Agence France-Presse (AFP) report comments given by the Chaldean Catholic bishop Antoine Audo in a press conference in the UN headquarters in Geneva on Wednesday that two-thirds of Syria’s Christians have left the country.
The Aleppo bishop said that the exodus was even greater in his northern city: only approximately 40,000 of the one time community of 160,000 Christians remained.
Christians faced daily dangers. Wealthy Christians have been able to leave, but “the middle classes have become poor and the poor have become miserable.”
It is estimated that there were 1.5 million Christians in Syria in March 2011. After five years of conflict the Aleppo bishop says that numbers have dropped to half a million. Millions of Syrians of all religions have left the country to escape the ongoing conflict.
He added that the recent truce (in force since February 27) has brought “some relief” to the people of Aleppo after six months without stable water and electricity supplies.
Writing for Catholic Agency For Overseas Development (CAFOD) in September 2015, Audo said:
Christians and Muslims have lived together in Syria for generations, strengthened by our shared values. Even today, as the war rages around us, most people are not interested in sectarian divisions. Not so long ago I came out of my house and there was a Muslim man sitting on the ground outside who had been helped by Caritas. He got to his feet and said, “We know who the Christians are, they are worth their weight in gold.”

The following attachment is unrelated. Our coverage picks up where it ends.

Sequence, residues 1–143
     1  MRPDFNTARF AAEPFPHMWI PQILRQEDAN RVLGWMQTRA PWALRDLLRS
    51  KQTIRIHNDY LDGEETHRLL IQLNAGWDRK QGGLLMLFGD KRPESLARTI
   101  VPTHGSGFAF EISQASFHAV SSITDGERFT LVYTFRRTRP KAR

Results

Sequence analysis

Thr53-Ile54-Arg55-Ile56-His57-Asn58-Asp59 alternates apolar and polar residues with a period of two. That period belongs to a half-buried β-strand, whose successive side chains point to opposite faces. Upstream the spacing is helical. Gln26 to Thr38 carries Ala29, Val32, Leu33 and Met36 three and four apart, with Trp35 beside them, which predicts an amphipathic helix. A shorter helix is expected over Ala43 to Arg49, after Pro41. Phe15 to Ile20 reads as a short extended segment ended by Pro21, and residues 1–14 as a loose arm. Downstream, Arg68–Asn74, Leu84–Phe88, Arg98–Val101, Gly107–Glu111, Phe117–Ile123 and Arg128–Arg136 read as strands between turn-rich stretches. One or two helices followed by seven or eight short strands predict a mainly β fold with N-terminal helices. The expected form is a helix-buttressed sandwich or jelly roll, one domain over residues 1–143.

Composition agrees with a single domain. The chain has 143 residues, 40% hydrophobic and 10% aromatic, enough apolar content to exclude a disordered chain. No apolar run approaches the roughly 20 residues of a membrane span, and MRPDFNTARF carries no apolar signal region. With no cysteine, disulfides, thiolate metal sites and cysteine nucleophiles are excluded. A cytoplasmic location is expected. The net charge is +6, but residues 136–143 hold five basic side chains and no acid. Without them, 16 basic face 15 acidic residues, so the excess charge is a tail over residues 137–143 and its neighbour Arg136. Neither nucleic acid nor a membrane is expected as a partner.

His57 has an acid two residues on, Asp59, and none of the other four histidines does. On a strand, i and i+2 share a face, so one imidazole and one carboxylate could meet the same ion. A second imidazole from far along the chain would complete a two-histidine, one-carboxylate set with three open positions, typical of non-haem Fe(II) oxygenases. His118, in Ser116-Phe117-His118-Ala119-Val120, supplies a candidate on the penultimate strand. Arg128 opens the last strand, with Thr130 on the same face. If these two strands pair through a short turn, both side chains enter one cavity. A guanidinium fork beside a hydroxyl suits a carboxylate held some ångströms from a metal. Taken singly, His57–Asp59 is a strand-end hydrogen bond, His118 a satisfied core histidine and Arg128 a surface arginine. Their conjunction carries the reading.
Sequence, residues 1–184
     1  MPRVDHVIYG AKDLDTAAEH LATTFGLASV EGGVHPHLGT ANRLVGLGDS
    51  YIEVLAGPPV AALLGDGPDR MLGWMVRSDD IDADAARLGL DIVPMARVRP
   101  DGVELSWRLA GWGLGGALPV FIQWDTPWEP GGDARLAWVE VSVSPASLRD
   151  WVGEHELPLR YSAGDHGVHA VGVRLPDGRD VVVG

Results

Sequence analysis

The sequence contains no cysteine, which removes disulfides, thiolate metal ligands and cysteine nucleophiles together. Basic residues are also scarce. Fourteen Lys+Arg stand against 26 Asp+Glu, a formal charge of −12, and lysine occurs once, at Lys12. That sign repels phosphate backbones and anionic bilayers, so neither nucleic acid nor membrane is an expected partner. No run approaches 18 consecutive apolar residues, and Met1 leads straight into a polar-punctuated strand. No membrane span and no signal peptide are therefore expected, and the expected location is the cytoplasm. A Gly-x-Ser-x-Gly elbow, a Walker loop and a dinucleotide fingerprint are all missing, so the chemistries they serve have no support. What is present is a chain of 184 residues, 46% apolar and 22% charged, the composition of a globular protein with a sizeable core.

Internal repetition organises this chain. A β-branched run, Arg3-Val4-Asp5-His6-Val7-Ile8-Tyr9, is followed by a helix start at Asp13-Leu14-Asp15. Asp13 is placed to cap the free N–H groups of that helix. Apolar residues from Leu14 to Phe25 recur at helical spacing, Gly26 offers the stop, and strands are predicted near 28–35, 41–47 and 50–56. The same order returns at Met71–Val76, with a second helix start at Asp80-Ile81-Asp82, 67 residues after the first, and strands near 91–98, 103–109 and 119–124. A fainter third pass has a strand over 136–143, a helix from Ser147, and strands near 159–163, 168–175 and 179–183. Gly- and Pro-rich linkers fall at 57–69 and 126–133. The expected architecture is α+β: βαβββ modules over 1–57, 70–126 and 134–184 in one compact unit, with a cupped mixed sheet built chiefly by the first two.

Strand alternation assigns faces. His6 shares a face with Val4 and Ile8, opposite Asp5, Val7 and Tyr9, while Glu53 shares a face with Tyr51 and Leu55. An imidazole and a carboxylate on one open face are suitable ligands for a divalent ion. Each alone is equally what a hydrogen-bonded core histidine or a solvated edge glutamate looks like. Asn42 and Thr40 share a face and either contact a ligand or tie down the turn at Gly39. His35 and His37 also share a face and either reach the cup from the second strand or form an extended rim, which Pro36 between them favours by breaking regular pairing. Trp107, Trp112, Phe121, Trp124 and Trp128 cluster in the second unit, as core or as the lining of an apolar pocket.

In the same interview for CAFOD he explained why so many Syrians are seeking a new life in Europe.
Large parts of our city [Aleppo] have been laid to waste. Bombs and rockets fall every day, and we never know when or where they will hit. We do not feel safe in our homes, in our schools, in the streets, in our churches or in our mosques. It is exhausting to live with this fear hour after hour, day after day.
Even without the shelling, life here would be almost unbearable. Throughout the summer, as temperatures have soared, people have been forced to cope without running water or electricity in their homes. Four out of five people don’t have a job, so families are not able to afford food or basic supplies … Almost no-one is still in Aleppo by choice: most of those who remain do not have enough money to leave.
CAFOD, the Catholic aid agency for England and Wales, supports the distribution of food and emergency supplies.
In some parts of the country, we have had to suspend our operations. In 2014, my colleagues in the city of Hassakeh provided vulnerable Syrians of every faith with vouchers for food, clothes and school equipment as well as covering the costs of medical treatment. In total, they reached over 20,000 people. But [in July 2015], as the city fell to extremists, all our staff had to flee at short notice.
In a statement marking “the fifth anniversary of the peaceful protests that set the stage for the Syrian conflict”, the US Commission on International Religious Freedom summed up the scale of the humanitarian crisis:
… a death toll ranging between 250,000 and 470,000, 4.7 million Syrians registered as refugees in neighboring countries, more than 6.5 million internally displaced, and over 140,000 children born stateless.